Tesla Full Self-Driving to Recognize Hand Gestures in Upcoming Update, According to Employee

By Karan Singh
Tesla has been improving its FSD features since introducing it in 2016
Tesla has been improving its FSD features since introducing it in 2016
Tesla

Previously, the Tesla X account shared a video where FSD V12 appeared to consider a pedestrian’s hand gestures when navigating. Elon Musk also confirmed on X that hand gesture recognition would be improved in V12.4, and even better by V12.5.

Tesla has had plans for gesture recognition for many years, with Musk mentioning hand gesture recognition in 2021. FSD is supposed to be able to adapt to new and unique circumstances in a safe manner, whether following instructions from a police officer, or understanding the hand signals from a cyclist.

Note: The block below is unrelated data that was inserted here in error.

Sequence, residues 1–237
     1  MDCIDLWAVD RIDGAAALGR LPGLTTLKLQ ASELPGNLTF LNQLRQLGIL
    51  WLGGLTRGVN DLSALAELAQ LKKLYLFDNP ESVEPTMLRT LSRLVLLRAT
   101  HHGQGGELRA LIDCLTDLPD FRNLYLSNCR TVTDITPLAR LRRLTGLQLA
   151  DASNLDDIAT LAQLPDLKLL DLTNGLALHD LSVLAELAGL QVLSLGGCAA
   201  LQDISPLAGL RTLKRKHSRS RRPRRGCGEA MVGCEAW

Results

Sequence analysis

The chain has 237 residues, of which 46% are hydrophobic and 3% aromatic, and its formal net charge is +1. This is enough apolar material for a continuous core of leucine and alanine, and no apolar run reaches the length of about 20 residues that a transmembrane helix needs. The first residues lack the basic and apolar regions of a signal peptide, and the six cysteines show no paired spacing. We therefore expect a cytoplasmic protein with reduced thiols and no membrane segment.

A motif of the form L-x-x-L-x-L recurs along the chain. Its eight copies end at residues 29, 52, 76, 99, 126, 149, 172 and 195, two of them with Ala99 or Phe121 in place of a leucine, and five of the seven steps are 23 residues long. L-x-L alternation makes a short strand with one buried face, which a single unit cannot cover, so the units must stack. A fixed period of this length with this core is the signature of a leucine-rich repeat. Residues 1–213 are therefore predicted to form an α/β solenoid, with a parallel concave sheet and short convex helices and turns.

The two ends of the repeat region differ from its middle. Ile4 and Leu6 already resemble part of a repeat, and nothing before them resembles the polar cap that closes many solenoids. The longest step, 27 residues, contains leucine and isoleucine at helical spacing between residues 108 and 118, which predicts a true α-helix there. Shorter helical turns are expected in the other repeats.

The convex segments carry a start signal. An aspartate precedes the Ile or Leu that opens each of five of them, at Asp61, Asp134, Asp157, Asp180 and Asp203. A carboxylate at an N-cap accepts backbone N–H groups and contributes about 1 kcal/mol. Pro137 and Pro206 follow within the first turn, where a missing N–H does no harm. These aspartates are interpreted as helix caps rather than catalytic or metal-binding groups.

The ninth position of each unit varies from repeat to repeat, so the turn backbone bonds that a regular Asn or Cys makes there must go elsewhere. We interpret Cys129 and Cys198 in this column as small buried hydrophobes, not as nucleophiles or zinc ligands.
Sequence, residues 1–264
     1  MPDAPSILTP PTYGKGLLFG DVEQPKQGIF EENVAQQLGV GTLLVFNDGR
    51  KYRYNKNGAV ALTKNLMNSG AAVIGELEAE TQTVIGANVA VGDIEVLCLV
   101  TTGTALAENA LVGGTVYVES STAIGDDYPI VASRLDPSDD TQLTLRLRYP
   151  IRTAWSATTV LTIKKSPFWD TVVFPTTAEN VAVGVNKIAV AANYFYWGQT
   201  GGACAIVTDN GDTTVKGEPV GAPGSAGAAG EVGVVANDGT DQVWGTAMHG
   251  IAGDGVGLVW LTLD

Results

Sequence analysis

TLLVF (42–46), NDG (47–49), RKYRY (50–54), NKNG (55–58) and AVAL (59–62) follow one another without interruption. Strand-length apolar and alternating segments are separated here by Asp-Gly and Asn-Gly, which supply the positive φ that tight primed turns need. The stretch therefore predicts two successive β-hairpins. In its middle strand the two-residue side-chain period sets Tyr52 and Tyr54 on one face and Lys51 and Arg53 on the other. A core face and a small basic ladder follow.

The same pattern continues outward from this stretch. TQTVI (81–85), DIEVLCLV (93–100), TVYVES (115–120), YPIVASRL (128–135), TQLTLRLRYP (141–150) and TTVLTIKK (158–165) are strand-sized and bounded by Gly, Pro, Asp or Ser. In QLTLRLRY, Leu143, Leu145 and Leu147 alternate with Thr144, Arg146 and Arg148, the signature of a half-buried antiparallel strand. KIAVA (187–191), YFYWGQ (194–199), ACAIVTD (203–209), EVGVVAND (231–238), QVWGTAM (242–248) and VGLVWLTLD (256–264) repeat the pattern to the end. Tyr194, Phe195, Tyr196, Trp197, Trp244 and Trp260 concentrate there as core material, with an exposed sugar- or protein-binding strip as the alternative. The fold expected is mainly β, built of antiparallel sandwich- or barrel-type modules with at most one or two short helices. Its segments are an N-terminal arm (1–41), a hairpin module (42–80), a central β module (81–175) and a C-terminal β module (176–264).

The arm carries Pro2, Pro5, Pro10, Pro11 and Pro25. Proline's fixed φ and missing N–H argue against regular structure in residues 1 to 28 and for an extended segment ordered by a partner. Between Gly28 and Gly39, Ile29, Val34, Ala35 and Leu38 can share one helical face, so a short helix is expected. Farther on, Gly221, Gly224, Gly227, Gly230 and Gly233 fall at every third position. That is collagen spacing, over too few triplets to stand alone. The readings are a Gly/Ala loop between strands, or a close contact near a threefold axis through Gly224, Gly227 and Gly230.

Boris Johnson and FSD

Boris Johnson, the ex-Prime Minister of the UK, recently got to experience FSD V12 in the crowded streets of LA, with his wife and child in the backseat. Tesla provided a vehicle and assistant for his self-driven experience through 5-road intersections, heavy traffic, and pedestrians.

At the end of about 45 minutes I feel like a driving test examiner – except that I want to tell the car that it has passed, with flying colours. -Boris Johnson

Gestures coming soon

Johnson had a single experience with hand gestures in his drive – being waved at a hotel. While the car didn’t recognize the gesture – even on FSD V12.3.6 – the Tesla official in the vehicle confirmed that “‘It doesn’t yet recognise that gesture, but we are fixing it for the next iteration. It should be done next month.”.

It’s not immediately clear whether the Tesla employee is referring to FSD v12.4, which is expected to start rolling out to the public later this week, or Tesla’s next major FSD release, V12.5. According to Musk, V12.5 is expected to handle much more complicated situations and even start vehicle-to-fleet communication.

Solving FSD